by David Means (2016)
FSG (2016)
352 pp

This is it, man. The real deal. Please disregard other notes and take this one seriously. I’ve been typing like a madman and failed to get the following, not verbatim, but in essence.

Hystopia is a slippy, trippy novel. At its best, it mirrors the fractured, jumpy mental states of its febrile, badly-rewired protagonists and is both impressively peculiar and disorienting. At its worst it feels like an obvious, failed attempt at a Robert Stone pastiche. For me, the good outweighed the bad, and I came out in favor of Means’s attempts at cultivating a very difficult fictional landscape.


There are, though, problems, and at times Hystopia simply feels bashed together. There is a recurrence of a simile that feels lazy (“frosted by moonlight” for those interested), not problematic because it doesn’t work, but because it appears in quick succession. There is some heinous expositional stuff whereby Means exhibits contempt for an audience that, like, might not get it, man (if you read Hystopia you’ll get used to a faux-70s vibe, which is largely successful, occasionally annoying). There is a patronizing and deeply unnecessary chapter called “Duluth” that’s worse than anything else you will read in any of the Booker longlisted books and which should be excised immediately. There are simple plot errors that prod you out of the novel. (With such a novel, I suppose the fallback is that the whole thing is so drug-hazed that these things are to be expected, and should be overlooked, and are even intentional, but there’s surely a difference between a pilled-up Vietnam veteran talking gibberish and an amped-up proofreader’s inability to successfully fact-check.) However, Hystopia still has plenty enough going for it to be considered a success.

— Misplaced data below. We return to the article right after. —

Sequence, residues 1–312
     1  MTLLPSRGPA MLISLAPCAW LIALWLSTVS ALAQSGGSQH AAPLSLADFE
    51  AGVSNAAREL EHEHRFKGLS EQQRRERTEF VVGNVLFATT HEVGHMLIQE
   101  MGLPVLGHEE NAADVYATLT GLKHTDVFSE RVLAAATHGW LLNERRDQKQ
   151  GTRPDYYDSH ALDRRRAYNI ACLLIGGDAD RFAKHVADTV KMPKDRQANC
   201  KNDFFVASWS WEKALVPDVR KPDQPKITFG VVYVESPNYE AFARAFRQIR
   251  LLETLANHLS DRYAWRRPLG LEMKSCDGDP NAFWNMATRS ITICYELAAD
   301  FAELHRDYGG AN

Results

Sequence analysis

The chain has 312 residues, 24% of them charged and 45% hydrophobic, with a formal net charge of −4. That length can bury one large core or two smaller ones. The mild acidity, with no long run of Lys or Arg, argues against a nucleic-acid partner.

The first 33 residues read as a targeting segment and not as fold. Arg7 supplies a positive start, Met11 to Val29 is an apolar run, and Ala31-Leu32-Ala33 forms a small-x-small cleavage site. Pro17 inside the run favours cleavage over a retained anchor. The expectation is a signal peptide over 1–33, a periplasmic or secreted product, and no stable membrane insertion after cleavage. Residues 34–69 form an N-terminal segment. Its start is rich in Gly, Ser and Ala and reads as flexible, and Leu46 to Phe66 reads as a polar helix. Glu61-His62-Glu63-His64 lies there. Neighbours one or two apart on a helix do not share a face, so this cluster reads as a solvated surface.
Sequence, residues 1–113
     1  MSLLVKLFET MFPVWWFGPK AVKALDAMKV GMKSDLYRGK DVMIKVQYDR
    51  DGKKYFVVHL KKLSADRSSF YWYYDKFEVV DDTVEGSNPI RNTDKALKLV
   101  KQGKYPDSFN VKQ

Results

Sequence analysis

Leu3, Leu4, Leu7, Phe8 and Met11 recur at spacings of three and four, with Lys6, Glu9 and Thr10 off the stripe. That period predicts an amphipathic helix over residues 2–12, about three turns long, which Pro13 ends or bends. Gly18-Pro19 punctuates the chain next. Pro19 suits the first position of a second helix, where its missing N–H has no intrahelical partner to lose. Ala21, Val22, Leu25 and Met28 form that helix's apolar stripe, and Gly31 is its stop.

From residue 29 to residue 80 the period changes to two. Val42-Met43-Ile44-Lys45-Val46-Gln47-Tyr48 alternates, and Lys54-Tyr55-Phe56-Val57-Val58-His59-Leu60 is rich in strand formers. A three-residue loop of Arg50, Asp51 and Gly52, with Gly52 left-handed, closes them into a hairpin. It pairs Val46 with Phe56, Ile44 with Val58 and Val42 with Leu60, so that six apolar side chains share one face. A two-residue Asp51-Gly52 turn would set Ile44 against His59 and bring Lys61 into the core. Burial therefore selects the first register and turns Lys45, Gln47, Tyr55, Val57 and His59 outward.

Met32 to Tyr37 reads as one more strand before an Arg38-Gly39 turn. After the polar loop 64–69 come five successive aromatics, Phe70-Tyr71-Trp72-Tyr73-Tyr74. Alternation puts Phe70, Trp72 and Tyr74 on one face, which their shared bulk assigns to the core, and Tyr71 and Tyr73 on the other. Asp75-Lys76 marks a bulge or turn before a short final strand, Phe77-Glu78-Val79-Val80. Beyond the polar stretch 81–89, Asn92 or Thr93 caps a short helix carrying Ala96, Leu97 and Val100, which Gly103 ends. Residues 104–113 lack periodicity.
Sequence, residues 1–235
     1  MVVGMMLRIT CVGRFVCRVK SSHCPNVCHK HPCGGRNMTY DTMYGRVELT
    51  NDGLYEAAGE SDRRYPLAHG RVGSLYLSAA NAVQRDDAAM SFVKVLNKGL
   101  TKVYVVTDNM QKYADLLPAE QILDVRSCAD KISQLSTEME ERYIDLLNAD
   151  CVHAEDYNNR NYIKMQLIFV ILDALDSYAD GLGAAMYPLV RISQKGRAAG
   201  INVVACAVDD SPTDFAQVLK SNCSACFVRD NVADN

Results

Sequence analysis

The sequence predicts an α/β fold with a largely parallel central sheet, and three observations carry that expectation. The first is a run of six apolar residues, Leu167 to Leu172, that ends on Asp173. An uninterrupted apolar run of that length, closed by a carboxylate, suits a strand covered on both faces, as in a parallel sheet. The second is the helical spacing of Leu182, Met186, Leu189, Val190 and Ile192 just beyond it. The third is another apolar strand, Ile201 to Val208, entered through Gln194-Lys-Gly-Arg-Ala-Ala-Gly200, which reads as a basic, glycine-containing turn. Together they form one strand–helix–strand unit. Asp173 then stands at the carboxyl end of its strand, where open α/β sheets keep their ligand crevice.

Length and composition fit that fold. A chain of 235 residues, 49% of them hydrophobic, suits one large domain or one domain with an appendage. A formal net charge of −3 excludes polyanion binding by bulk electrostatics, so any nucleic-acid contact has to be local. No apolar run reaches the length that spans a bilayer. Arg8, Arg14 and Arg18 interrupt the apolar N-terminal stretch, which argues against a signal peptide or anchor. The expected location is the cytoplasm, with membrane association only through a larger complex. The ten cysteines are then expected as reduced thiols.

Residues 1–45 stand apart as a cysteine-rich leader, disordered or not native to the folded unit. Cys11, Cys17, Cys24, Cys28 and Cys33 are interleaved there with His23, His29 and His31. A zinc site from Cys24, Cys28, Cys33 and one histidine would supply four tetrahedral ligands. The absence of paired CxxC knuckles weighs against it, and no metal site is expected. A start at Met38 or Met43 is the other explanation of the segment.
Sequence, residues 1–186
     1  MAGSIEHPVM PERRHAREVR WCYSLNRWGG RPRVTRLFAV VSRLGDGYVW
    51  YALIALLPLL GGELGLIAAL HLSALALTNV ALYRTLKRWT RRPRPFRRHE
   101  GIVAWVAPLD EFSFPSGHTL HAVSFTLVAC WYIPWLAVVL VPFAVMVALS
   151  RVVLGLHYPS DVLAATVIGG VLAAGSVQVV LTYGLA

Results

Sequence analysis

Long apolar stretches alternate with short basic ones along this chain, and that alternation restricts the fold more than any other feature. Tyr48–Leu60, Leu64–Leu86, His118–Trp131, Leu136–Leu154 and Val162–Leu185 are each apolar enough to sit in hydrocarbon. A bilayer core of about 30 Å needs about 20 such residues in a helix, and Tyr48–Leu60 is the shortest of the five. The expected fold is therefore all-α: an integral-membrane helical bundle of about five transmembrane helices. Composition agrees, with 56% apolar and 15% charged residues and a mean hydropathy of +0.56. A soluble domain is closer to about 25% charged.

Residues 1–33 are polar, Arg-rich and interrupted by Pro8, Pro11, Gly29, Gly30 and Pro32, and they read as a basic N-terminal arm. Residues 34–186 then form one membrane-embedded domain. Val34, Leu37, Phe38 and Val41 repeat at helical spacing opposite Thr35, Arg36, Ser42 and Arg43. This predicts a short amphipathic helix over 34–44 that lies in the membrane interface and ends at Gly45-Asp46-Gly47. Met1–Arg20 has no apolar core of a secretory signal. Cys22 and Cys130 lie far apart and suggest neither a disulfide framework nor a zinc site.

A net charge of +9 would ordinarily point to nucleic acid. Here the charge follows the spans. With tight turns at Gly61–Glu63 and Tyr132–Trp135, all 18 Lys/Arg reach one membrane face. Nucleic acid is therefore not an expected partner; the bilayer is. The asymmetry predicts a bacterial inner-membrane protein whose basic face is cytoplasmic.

Eugene Allen has returned from Vietnam and, as part of a process of catharsis and self-psychiatry, has written an autobiographical novel, Hystopia, which, in true Russian Doll style, is itself nested in an alternate world in which President Kennedy is in his third term of office. The novel-within-the-novel itself constitutes Allen’s fictionalized derangements made somewhat palatable/more conventional, his trauma set to the incessant strains of Iggy Pop and a backdrop of particularly-crazed Vietnam vets run dangerously amok. The novel-within-the-novel also serves as his partial attempt to make some kind of sense, not only out of the Vietnam War, but out of his own pre-war past, neither of which he can recover from.

Allen’s/Means’s novel, as mentioned, owes plenty to the fictional devastations of Robert Stone, who similarly wove cultural milestones with his terrifying, irrevocably damaged milieu of sociopaths and estranged losers. Means, like Stone, makes the political personal, and vice versa, but adds a Philip K. Dick flourish to Hystopia that’s admirable and daring. We’re all familiar with numerous fictional representations of Vietnam: this avoids losing itself in much-visited territory by bringing it all back home, to a post-Vietnam, pre-apocalyptic USA roamed by rogue “failed enfolds” (more on this shortly) who have not had their demons assuaged sufficiently to reintegrate and are, instead, targets for a shady Government faction called Psych Corps, which is “dedicated to maintaining the nation’s mental hygiene by any means necessary.”